When programming in Spring/Spring Boot, it's a common practice to have every service/component implement an interface, for example:

public interface IAdder {
    int add(int a, int b);

public class Adder implements IAdder {
    public int add(int a, int b) { return a + b; }

Why do I actually need to write that interface if I don't plan on having multiple implementations for "Adder" functionality?

One common answer to that question is "you'll need it for mocking in your unit tests". To that, I can answer - not really. I can mock the adder using every possible mocking framework you can think of (Mockito, for example):

IMultiplier multiplier;  // Class under test

IAdder adder;

@Test  // Assuming I implement multiplication by multiple additions
public void multiplicationTest() {
    // Arrange
    when(adder).add(3, 3).thenReturn(6);
    // Act
    int result = multiplier.multiply(3, 5);
    // Assert
    verify(adder, times(4)).add(3, 3);

Having said that, what advantage can the IAdder interface provide for me?

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    @Stultuske I sure have heard about the concept, but I'm trying to apply some critical thinking here and challenge a paradigm I don't see any use for. Commented Apr 21, 2021 at 13:47
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    There isn't always an immediate huge advantage, although there are almost always incremental advantages, one of which is testing/DI/IoC/etc. In Spring Boot interfaces are used for proxy generation--that doesn't mean that everything needs a proxy; it depends on how it's being used (and used by the framework). Unrelated, but I'd name the interface Adder and name implementations based on their details. The whole I prefix rightfully died in Java some time ago. Commented Apr 21, 2021 at 13:56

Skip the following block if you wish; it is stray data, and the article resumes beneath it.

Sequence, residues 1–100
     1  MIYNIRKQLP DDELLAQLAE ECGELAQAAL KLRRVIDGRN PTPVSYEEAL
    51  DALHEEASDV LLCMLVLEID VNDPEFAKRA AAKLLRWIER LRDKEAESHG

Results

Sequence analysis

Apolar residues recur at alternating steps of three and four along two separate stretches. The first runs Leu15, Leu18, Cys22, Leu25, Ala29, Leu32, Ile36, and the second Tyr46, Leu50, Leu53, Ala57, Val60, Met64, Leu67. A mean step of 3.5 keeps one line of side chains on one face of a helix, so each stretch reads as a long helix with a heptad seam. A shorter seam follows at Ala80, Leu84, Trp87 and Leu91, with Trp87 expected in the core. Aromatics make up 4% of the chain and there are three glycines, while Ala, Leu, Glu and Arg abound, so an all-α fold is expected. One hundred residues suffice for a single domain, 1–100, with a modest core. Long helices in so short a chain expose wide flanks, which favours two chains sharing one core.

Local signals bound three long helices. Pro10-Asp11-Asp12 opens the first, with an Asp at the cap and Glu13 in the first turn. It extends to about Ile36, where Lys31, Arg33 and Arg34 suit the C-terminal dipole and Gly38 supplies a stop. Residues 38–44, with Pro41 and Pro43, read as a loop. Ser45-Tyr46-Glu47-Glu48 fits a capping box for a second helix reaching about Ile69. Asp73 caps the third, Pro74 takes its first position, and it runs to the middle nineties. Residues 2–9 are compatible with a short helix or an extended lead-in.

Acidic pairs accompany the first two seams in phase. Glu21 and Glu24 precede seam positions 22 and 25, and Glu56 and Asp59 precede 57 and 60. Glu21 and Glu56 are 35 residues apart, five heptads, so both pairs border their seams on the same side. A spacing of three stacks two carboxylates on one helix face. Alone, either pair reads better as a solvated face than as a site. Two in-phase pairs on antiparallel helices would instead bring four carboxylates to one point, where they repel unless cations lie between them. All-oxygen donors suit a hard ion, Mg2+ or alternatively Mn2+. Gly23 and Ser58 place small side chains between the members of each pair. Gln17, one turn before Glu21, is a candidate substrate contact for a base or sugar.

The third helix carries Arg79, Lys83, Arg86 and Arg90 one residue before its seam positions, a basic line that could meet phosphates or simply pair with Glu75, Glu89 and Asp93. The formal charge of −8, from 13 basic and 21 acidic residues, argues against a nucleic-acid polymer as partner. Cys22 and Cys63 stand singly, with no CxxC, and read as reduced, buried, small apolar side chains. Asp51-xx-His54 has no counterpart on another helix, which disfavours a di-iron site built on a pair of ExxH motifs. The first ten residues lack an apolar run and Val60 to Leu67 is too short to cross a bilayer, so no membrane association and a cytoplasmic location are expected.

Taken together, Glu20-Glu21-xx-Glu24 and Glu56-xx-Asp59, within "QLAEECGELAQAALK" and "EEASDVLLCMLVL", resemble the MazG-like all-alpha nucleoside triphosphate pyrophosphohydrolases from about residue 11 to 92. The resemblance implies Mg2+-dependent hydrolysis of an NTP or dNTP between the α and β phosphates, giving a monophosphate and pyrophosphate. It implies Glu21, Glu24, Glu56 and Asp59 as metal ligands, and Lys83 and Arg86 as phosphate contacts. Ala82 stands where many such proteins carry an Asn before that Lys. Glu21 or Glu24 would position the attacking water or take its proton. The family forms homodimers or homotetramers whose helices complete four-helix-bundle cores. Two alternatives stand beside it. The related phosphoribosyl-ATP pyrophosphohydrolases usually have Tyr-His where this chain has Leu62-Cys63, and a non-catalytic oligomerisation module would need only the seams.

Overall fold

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    "JDK dynamic proxies are preferred whenever you have a choice" according to that link. Anybody has a clue why this is the case? Commented Apr 21, 2021 at 14:00
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    @DaveNewton "TESTING" in all caps please. This makes testing with Spring a breeze. After coding for 15 years and being a committer in spring occasionally, this is my number one choice.
    – Eugene
    Commented Apr 21, 2021 at 15:08
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    While interfaces can be useful, I think this question is asking about an interface on every service-layer class.
    – xdhmoore
    Commented Apr 21, 2021 at 18:41

3 Answers 3


TBH I hate it when people blindly follow the 'every service needs an interface' rule. It's a maintenance nightmare.

This kind of interfaces only make sense at module boundaries, where the interface itself resides in the consumer module, shouting 'hey, here's the interface I'm gonna need', and the provider module happily obliges.

Within a cohesive module, unless you're planning on multiple implementations of the same functionality, such interfaces make no sense at all. And, since you can easily convert a class into an interface without the clients complaining if you need to, I don't see why you should prematurely clutter your codebase with extra levels of indirection.